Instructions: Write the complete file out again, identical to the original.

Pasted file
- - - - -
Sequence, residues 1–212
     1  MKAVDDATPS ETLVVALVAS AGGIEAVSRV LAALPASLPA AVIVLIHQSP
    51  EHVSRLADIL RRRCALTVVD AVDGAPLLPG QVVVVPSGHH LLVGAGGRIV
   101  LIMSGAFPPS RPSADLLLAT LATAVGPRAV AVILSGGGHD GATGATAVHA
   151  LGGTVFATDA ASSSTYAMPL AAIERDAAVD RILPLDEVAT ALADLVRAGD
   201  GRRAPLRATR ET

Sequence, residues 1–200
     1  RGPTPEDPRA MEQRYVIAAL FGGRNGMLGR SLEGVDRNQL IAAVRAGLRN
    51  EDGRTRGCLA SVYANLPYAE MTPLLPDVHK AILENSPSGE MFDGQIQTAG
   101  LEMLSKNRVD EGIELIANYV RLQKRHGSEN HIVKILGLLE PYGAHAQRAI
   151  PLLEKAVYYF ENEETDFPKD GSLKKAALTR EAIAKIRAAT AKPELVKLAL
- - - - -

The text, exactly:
Sequence, residues 1–212
     1  MKAVDDATPS ETLVVALVAS AGGIEAVSRV LAALPASLPA AVIVLIHQSP
    51  EHVSRLADIL RRRCALTVVD AVDGAPLLPG QVVVVPSGHH LLVGAGGRIV
   101  LIMSGAFPPS RPSADLLLAT LATAVGPRAV AVILSGGGHD GATGATAVHA
   151  LGGTVFATDA ASSSTYAMPL AAIERDAAVD RILPLDEVAT ALADLVRAGD
   201  GRRAPLRATR ET

Sequence, residues 1–200
     1  RGPTPEDPRA MEQRYVIAAL FGGRNGMLGR SLEGVDRNQL IAAVRAGLRN
    51  EDGRTRGCLA SVYANLPYAE MTPLLPDVHK AILENSPSGE MFDGQIQTAG
   101  LEMLSKNRVD EGIELIANYV RLQKRHGSEN HIVKILGLLE PYGAHAQRAI
   151  PLLEKAVYYF ENEETDFPKD GSLKKAALTR EAIAKIRAAT AKPELVKLAL